Talia Allen recalls never even playing in the dirt as a kid. Fast forward to the summer of 2009, and that was about to change for her, big time.
The Summer 2009 group of Adamahniks.
These past few months she’s been shovelling goose manure, building chicken coops, wacking weeds, planting and hoeing a bounty of fresh produce.
For this 180-degree turn in the dirt, the 21-year-old Toronto native journeyed 600 kilometres to rural Connecticut to take part in Adamah, an agricultural program that brings a uniquely Jewish approach to organic farming.
The two are a natural fit.
“We are people of the land,” Allen says in a phone interview, noting that many Jewish festivals – Succot being the most visible – are “connected to food and agriculture.”
Says Megan Jensen, Adamah’s assistant greenhouse manager: “We’re bringing people back to the land and reconnecting [them] to Judaism.”
The 13 other young adults who joined Allen on the three-month Jewish environmental fellowship learned not just how to farm organically, but how to do so with Jewish values that advance the practice of tikkun olam.
And it’s not just the land that benefits. Take, for instance, the goats that graze on the sweet grass of Adamah’s six-acre property in the Berkshire Hills. To milk or not to milk them on Shabbat? To alleviate stress to the animals, it was decided to milk them but to discard the liquid so as not to reap any benefit from the labour.
So too does Judaism’s moral compass guide ecological practice at Adamah (Hebrew for earth). Surplus produce (think 1,500 strawberry plants and 500 blueberry bushes, to name but a few) harvested in its fields and orchards are donated to a food bank and farmer’s market, the latter to raise funds for the local fire department; about 10 per cent of Adamah’s fields are left to lie fallow at any given time; practices such as crop rotation, returning nutrients to the soil and composting figure largely in this Jewish eco-culture, underscoring the values of transformation and not wasting what can be reused.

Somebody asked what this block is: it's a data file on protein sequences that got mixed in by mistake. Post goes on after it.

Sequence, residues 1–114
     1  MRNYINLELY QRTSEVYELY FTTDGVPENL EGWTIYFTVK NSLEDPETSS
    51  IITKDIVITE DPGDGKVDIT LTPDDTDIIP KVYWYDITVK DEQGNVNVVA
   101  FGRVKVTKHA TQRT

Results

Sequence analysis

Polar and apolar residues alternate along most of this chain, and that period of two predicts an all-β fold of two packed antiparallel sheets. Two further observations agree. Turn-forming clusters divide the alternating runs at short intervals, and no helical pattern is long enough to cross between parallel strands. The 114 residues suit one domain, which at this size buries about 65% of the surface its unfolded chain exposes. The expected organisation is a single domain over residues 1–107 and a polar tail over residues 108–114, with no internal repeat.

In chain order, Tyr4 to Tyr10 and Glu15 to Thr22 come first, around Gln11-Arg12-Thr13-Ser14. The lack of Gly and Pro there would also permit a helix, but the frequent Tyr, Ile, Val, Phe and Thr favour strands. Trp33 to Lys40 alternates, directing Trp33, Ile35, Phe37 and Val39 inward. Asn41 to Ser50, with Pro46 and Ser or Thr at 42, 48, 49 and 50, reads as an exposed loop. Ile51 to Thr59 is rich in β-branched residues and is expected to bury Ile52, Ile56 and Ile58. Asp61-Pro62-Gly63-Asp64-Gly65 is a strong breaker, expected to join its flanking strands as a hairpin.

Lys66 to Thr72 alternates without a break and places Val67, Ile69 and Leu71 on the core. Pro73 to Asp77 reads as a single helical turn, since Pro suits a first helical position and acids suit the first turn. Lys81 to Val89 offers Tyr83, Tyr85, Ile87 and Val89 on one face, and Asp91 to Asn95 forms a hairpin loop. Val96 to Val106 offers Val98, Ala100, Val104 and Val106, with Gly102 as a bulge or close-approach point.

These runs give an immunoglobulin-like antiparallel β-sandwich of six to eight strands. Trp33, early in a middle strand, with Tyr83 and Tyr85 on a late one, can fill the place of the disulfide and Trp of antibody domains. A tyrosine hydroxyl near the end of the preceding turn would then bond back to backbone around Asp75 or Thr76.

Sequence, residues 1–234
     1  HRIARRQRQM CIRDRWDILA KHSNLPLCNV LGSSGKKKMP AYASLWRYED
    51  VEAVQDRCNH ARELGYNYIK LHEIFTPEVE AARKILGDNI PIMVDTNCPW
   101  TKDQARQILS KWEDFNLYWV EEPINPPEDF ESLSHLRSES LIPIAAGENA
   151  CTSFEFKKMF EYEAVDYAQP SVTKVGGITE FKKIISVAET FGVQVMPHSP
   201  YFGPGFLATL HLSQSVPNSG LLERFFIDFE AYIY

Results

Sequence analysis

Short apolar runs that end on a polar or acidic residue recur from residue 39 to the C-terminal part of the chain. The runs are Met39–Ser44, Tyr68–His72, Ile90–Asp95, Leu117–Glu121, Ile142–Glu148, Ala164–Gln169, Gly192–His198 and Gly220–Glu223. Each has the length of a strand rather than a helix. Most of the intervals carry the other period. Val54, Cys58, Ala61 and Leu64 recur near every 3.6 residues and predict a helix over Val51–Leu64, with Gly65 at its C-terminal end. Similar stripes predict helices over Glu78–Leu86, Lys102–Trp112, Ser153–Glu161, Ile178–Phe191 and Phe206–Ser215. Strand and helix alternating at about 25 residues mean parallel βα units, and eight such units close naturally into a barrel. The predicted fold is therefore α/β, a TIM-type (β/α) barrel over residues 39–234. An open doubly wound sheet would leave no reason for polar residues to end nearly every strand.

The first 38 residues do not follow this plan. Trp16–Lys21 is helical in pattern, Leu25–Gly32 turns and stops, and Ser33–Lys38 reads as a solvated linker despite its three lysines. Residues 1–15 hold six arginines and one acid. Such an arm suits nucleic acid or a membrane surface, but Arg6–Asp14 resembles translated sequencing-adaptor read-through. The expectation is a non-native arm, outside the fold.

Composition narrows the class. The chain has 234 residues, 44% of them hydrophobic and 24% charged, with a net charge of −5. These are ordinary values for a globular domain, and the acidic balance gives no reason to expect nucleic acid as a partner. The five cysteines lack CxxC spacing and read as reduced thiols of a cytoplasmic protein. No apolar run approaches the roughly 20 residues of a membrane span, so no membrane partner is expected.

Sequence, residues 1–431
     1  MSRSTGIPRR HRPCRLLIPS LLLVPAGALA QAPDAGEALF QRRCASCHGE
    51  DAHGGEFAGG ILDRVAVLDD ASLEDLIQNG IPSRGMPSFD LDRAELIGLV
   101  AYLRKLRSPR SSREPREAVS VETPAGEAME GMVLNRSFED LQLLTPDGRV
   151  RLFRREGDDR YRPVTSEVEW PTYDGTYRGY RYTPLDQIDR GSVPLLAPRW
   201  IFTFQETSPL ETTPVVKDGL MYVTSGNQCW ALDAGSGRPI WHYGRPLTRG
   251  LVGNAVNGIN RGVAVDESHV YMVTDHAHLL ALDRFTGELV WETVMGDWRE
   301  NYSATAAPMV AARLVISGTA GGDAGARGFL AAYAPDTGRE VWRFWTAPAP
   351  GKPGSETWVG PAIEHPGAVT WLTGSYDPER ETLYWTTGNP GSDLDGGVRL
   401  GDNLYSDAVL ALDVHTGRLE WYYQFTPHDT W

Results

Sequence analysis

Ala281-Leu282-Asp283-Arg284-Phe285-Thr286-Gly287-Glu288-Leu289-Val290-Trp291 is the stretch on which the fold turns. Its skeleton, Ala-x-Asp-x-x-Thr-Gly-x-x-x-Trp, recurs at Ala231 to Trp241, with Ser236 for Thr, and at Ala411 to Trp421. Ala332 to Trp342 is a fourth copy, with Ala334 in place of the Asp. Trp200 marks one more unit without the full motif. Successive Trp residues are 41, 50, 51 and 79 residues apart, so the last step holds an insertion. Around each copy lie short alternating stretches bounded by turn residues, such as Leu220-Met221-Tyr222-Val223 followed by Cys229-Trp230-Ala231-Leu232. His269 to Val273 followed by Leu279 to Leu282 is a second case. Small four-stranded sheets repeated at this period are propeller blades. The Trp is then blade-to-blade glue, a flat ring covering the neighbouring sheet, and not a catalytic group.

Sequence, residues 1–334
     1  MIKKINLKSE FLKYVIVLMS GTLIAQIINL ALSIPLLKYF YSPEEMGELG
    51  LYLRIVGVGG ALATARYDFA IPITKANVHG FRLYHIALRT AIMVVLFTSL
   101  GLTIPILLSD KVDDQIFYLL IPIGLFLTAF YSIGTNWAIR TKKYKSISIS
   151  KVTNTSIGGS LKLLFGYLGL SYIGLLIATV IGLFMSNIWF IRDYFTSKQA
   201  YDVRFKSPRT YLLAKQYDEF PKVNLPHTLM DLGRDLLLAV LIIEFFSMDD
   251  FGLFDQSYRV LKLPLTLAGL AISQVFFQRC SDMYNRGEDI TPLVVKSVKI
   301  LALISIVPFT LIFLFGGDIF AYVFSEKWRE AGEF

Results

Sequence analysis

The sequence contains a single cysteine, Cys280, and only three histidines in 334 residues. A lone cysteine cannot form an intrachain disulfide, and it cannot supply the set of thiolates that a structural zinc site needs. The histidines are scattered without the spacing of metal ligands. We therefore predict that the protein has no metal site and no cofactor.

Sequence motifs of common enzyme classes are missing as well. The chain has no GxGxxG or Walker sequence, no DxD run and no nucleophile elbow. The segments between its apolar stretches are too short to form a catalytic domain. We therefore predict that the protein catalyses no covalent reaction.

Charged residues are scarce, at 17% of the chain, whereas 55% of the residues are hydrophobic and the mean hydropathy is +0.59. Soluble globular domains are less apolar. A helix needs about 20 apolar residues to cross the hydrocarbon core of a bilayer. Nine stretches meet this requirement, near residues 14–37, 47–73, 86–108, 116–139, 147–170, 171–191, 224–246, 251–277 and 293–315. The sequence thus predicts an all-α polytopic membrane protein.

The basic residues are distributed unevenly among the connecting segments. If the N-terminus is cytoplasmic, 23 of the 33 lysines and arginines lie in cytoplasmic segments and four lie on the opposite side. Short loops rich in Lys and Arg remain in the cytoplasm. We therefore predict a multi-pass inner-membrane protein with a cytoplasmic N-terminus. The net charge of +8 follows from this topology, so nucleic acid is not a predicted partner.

As its website notes in true Adamah spirit: “Where else can you say a blessing while using recycled vegetable oil to fuel a truck that is filled with organic produce and naturally fermented pickles?”
Since its start in 2003, the Adamah program – offered through the Isabella Freedman Retreat Center in Falls Village, Conn. – has hosted several Canadians, including most recently, Allen, and previously, her older sister.
Having worked on an organic farm in British Columbia and pursuing a degree in environmental studies from York University, Sabrina Malach easily slipped into Adamah’s groove during her stint in 2005.
“It was a huge tikkun for me. I learned that Judaism is inherently agriculturally rooted and environmentally responsible,” says the 28-year-old from Toronto, whose experience at Adamah led her to Israel and studies in ecology and Torah.
Malach is an alumna of Adamah’s fall session, when a new crop of “Adamahniks” rotates through three months of harvesting, preparing the gardens for winter and cooking in the “picklearium,” its commercial kitchen that processes pickles, jam and tomato sauce for sale.
Like the summer group, the fall newcomers are exposed to Jewish spiritual and cultural programming, as well as training in Jewish leadership skills, and take their rest on Shabbat. They, too, start the day with Avodat Lev (service of the heart), the chanted morning prayers that include several minutes of silent meditation. And they get to celebrate Succot in the splendour of a New England autumn.
Some alumni, like Risa Alyson Strauss, have transplanted their Adamah experience and broadened its reach in programs such as the Kavanah Organic Community Teaching Garden.
Opened earlier this year through the Jewish Nature Centre of Canada at the Lebovic Jewish Community Campus in Vaughan, Ont., the Kavanah Garden is organic farming the Jewish way.
Whether using discarded broom handles for infrastructure, applying Jewish agricultural law to planting or donating its bountiful harvest to those in need, the Kavanah Garden is about teaching.
To that end, it has hosted an eclectic mix including school children and seniors, says Strauss, Kavanah’s program director who used her apartment’s sunroom last winter to jump-start seeds in pots for transplanting. They would become the basis for Kavanah’s 40- by 80-foot garden, which includes organic fruits, vegetables and Havdalah spices.
Aside from the garden, there are adult classes on Jewish-holiday harvest cooking and agricultural roots of the Jewish calendar. The two-hour workshop for elementary-aged children includes organic gardening practices.